Autonomous Vehicle (AV) hype seems to be a disease of folks who think they know the future. Our society has already passed the dawn of driverless cars and now the bright light of morning has hit us in the face with some sobering questions. Despite this, utopic euphoria over autonomous vehicles still abounds.
Experts and government officials seem to be hitting the speed dial with eyes glossing over in the belief that everything will be all right in the end.
But should we trust this Pollyanna attitude when it comes to our personal safety and freedom to travel?
Released in June, a report called America’s Workforce and the Self-Driving Future sponsored by Securing America’s Future Energy or SAFE (an economic group seeking to protect the US’s economic interests) is one of the those utopian snapshots of everything lovely. Even worse, it is likely part of an agenda by those who stand to make a great deal of money off whatever aspect of AVs that the group is a part of and that ultimately gets us out of driving our own cars.
The report states that driverless cars will make so much money, no one will care about job loss. By 2050, AVs will contribute $3 to $6 trillion to the US economy. A report from Intel puts that figure at $7 trillion. Here are some sobering statistics and some retread from both reports we have heard before:
- According to the Bureau of Labor Statistics, as many as 3.8 million Americans work as motor vehicle operators for trucks, delivery vans, buses and taxis.
- In 29 states, truck driving is the most common occupation and the second or third in most others.
- Currently, one million Americans drive part-time for Lyft or Uber.
- According to the American Trucking Associations, some four million people work in trucking-related jobs other than driving.
- 50,000 truck driving jobs a year are currently open. Long haul driving positions are difficult to fill. The American Trucking Associations say in the next decade over 900,000 jobs will need to be filled as current drivers retire. Median age of drivers is currently 46.
- Car and truck dependent occupations would be destroyed or downsized significantly: insurance agents, parking meter/parking lot attendants, truck stops/motels, toll booths, garages/auto body shops.
- If no one bought private cars, car dealerships, who employed 1.3 million people in 2016 according to the National Automobile Dealers Association, would falter.
President emeritus of the Service Employees International Union Andy Stern said, “This will be the biggest disruption in work and jobs that the country has ever experienced. It will happen relatively soon, and we are in denial and avoidance.”
Here are some other conclusions we have all heard before and maybe see that the evidence is not there to support all of these future assertions.
- Congestion will be alleviated once AVs rule the road and no longer have to factor in the unpredictability of the human driver. AVs can then go faster since they are talking to each other.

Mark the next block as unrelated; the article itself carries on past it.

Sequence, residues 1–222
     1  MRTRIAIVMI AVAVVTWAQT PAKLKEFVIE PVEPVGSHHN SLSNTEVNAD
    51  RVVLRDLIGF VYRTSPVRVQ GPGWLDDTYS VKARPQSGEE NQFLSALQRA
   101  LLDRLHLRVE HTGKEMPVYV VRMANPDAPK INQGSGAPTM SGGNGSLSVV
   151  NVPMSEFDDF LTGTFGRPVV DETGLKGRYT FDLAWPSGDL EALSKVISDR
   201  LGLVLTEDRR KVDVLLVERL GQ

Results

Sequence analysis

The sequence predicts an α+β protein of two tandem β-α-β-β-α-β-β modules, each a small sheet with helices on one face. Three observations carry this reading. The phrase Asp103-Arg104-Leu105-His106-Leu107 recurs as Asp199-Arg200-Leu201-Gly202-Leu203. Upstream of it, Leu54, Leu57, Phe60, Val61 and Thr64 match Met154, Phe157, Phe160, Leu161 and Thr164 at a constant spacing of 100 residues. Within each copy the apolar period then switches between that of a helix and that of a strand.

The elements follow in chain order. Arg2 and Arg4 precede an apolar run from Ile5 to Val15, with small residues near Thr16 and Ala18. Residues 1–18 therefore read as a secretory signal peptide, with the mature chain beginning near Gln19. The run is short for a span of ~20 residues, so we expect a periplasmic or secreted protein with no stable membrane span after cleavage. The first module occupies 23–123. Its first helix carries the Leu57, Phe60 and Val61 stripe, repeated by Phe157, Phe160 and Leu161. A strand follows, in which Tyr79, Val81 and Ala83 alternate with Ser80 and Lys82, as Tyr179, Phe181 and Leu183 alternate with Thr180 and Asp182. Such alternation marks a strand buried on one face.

Sounds like hackers will have a field day on this road show.
Currently, congestion is a whole lot worse with Ubers, Lyfts, and delivery trucks crowding regular traffic. With potentially more cars (driverless) on the road, many of them driving empty on their way for a pick up, and less money for transit…how will this actually work in alleviating congestion?
- No one will ever be hurt again in an AV since the cars will talk to each other and ensure that everyone is safe inside and out.
Again, AVs have a long way to go in order to be safe for both passengers and those outside the car. Does anyone really believe anymore that no deaths will occur when driverless cars rule the Earth?
- Humans will no longer waste time with driving. Instead, we can work more, shop more, watch TV more and even get our nails done while hurtling toward our destination. According to the Intel Report, this could be a huge boon for in-car passenger services to the tune of $200 billion per year.
My question is why do the utopists think driving is such a burden? Many of us love to drive, even sometimes in traffic. We have time to think, listen to the news or music, see some sights and just enjoy the freedom of propelling our beast where and when we want to go.
- Using a rideshare AV will be cheaper than keeping your own car. The current rate of car spending is $9,000 per family a year. This includes car payments, gas, insurance and maintenance. If a family subscribes to a service, they might be able to save a whopping $5,000. Founder of the Rethink X think tank Tony Seba said, “That $5,000-per-household boost in disposable income would be the biggest spending boom in US history.”
Prediction: Just like rent, subscription costs will go up each year once we no longer can drive our own cars. The subscription will hook us and then we will have less options than ever before for our transportation needs.
Also, most Americans would use that extra cash for regular living and not as disposable income to fritter away on something like sports betting on your way into work (or at least we hope so).
Reports and articles like these are promoting a driverless future even though the majority of us don’t even want it.
It’s not that we are afraid of an AV, we just want to drive our own car and not rely on anyone else. It is as simple as that.
Note: The San Francisco Chronicle has recently issues a series of reports called Driving the Future that might be worth reading.
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